Featured

  • The Power of Poetry with Maggie Smith

    Air Dates: July 22-28, 2019 Poems provide readers with frames of reference, a lens through which to see the world. Maggie Smith shares the inspiration, personal experience, and context behind her award-winning poems, including her most-recent collection, Good Bones, which was published to critical acclaim.  Smith is the author of three books of poetry: Good Bones (Tupelo Press, 2017); The Well Speaks of Its Own Poison (2015); and Lamp of … Read More

  • The Opportunity Costs of Today’s Politics

    I like Ike.  On April 16, 1953, five weeks after the death of Soviet premier Joseph Stalin, Eisenhower delivered the “Chance for Peace” speech to the American Society of Newspaper Editors.  It is a classic of cold war political warfare with the Soviet Union—but it’s also a beautiful exposition of the concept of “opportunity cost.” Eisenhower described in the most human terms how the arms race between the Soviet Union … Read More

  • Editorial Cartoons with Adam Zyglis

    Air Dates: July 15-21, 2019 Editorial cartoonists occupy the space between writing and drawing—capturing truth and big ideas with seemingly simple illustration and an economy of words.  Pulitzer Prize-winning editorial cartoonist Adam Zyglis uses evocative images to connect with readers while conveying layers of meaning in a few words. Zyglis has produced cartoons for The Buffalo News since 2004. His cartoons are internationally syndicated and have appeared in many publications … Read More

  • We are Americans, First

    I saw a Tweet this week that made me laugh a little.  Someone had shared a video of the flooding in downtown DC on Monday when that deluge of rain came through.  The National Archives had tweeted the footage and pointed out that you could see their building beyond the waves of the flood waters.  An historian at Georgetown said he hoped the Constitution had been kept dry because “we … Read More

  • Living with Neurological Disease with Lisa Genova

    Air Dates: July 8-14, 2019 An estimated 5.6 million Americans live with Alzheimer’s today. Another 100,000 are living with ALS—or Lou Gehrig’s disease. Lisa Genova is a brain scientist whose best-selling novels describe not what it’s like to die from these diseases, but what it means to live with them.  Dr. Genova is a Harvard trained neuroscientist who broke into the public’s consciousness with her novel, Still Alice. Likened to … Read More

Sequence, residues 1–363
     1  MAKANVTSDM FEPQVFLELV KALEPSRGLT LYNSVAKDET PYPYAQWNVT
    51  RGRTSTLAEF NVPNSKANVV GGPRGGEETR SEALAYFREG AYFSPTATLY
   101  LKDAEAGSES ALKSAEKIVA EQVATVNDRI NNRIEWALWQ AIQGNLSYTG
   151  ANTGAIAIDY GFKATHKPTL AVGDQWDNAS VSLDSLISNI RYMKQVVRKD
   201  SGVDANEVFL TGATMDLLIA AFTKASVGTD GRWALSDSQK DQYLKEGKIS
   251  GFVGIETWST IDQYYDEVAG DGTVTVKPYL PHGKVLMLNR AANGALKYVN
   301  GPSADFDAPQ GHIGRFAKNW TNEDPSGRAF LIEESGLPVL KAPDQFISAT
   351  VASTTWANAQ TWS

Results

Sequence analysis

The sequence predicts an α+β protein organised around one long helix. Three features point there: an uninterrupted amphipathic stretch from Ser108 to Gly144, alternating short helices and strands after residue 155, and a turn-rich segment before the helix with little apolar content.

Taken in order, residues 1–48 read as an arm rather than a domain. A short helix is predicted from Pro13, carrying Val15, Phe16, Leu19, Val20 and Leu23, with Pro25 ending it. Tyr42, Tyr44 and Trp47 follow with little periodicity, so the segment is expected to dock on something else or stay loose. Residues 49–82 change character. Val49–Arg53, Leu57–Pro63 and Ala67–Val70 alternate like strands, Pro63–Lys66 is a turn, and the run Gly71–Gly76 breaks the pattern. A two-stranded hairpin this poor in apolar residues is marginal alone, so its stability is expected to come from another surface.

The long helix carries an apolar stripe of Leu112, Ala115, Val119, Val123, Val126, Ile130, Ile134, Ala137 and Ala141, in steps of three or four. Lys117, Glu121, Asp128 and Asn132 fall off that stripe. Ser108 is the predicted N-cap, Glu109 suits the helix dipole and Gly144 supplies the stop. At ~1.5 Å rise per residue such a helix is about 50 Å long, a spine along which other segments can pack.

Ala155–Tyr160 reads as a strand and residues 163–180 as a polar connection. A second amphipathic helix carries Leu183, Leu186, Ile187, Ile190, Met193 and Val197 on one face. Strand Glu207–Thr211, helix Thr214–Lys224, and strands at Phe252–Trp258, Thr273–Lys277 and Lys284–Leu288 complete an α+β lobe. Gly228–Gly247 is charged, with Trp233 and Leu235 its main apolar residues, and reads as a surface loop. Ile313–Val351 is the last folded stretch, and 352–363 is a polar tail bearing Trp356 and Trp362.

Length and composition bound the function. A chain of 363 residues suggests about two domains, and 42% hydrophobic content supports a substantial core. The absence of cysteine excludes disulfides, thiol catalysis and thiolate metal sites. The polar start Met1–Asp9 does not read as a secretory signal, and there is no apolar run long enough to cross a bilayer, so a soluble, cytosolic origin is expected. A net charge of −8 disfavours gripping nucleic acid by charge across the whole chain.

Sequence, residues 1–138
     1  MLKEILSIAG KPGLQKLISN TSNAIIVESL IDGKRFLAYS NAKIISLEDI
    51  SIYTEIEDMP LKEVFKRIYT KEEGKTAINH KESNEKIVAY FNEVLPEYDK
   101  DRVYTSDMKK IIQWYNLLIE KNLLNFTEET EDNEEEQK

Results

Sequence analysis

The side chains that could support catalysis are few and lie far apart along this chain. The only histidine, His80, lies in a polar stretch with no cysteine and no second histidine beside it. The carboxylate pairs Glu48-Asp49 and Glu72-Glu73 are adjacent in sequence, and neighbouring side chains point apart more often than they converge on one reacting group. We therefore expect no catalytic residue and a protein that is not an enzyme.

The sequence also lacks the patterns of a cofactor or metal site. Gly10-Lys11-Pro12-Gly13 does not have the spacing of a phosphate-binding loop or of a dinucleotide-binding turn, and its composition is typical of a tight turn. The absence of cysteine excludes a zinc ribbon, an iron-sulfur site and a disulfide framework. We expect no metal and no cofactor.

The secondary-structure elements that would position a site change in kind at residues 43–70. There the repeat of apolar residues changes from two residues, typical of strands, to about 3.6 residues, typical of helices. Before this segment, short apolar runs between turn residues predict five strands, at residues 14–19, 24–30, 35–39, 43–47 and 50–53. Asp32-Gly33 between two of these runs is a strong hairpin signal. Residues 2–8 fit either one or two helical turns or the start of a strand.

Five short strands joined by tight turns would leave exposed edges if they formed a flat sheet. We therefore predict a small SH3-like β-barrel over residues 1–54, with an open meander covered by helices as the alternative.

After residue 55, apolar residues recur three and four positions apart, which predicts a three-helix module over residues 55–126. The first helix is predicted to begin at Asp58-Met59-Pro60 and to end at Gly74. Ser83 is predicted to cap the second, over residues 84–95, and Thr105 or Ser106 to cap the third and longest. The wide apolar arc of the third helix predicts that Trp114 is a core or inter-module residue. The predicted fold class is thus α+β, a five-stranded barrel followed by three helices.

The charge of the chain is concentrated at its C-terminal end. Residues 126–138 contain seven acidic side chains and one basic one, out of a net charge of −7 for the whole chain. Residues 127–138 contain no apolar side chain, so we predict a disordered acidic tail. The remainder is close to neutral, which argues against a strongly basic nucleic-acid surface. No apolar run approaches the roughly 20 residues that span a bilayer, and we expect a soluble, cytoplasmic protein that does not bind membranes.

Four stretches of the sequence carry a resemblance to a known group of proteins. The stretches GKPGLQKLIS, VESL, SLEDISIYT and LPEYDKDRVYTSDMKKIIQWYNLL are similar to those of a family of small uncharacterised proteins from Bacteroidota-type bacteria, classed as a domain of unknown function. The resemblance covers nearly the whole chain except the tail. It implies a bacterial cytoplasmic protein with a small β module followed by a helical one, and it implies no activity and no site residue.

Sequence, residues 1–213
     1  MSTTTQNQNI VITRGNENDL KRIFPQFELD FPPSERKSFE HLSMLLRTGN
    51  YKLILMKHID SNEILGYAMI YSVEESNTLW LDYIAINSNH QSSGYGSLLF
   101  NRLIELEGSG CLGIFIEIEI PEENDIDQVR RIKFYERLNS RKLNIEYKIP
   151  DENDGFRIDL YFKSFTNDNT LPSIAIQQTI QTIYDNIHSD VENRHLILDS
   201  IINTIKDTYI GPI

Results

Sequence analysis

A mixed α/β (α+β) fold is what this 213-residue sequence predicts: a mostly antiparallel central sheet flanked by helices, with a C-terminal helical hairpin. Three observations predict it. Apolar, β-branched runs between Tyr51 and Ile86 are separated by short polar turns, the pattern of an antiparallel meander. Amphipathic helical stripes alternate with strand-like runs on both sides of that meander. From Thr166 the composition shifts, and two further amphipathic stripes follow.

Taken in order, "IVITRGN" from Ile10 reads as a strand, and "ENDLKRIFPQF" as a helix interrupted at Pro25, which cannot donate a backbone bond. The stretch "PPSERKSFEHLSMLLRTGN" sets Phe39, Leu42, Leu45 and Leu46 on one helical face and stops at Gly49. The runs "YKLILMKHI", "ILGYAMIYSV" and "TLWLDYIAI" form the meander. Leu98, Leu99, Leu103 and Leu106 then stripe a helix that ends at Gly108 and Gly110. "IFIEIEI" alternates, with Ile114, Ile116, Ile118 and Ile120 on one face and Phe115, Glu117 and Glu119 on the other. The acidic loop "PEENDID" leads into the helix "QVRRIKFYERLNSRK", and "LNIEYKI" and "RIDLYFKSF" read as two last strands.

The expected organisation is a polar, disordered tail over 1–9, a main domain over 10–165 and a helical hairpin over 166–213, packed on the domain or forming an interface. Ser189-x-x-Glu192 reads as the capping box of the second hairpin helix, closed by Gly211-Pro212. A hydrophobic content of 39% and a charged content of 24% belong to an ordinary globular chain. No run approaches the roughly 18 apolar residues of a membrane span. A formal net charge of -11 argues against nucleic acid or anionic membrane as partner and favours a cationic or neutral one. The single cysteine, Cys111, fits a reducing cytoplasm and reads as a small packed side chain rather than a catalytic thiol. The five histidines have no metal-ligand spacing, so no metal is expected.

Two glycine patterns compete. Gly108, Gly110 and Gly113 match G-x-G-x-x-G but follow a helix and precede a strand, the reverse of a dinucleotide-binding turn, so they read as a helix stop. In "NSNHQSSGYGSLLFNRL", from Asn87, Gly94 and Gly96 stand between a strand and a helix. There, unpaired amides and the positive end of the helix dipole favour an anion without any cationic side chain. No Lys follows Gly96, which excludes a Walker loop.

• Native American History with Philip Deloria

    Air Dates: July 1-7, 2019 The British colonies in the New World, and later the United States, were built on land taken from native populations. Philip Deloria explores the interplay of Native Americans and the development of America’s national identity. Deloria is the first tenured professor of Native American history in the long history of Harvard University. His first book, Playing Indian (1998), explores the tradition of white Americans dressing … Read More

  • The Impact of Technology on Modern Relationships with Helen Schulman

    Air Dates: June 24-30, 2019 It is almost taken for granted that technology is changing America.  Whether we’re talking about job losses, election meddling, or the role of big-data in healthcare, technology is everywhere.  Helen Schulman, through her remarkable fiction, warns that technology is changing our personal relationships and our families, too.  Schulman, a novelist, short-story writer, screenwriter and non-fiction author, is the chair of Fiction for the MFA Creative … Read More

  • Democracy is America’s Most Potent Asset

    The next American president should get back to celebrating the moral power of democracy.  This was standard fare for President Ronald Reagan—in fact it was pretty standard throughout the Cold War.  The fact that democracy promotion is little more than a slogan and not a centerpiece of American foreign policy is a mistake. We are leaving our most powerful asset unused in the global competition that will shape the 21st … Read More

  • Mikhail Gorbachev and the End of the Cold War with William Taubman

    Air Dates: June 17-23, 2019 Mikhail Gorbachev is one of the most important figures of the 20th century.  A child of the Soviet Union, and a fast rising star in the Communist Party, Gorbachev was also a democratizer whose reforms led to the end of the Cold War and the collapse of the Soviet Union.  William Taubman has authored the definitive biography of the last Soviet leader.  William Taubman is … Read More

  • Immigration and America’s Dairy Farms with Julie Keller

    Air Dates: June 10-16, 2019 The super-heated rhetoric over immigration and border security in the United States today is part of a long tradition of anti-immigration hysteria.  Julie Keller puts our recent panic in a sociological context—exploring changes in who works on American dairy farms, and how they traveled from Latin America to farms in the upper-Mid-West.  Julie C. Keller is an assistant professor of sociology at the University of … Read More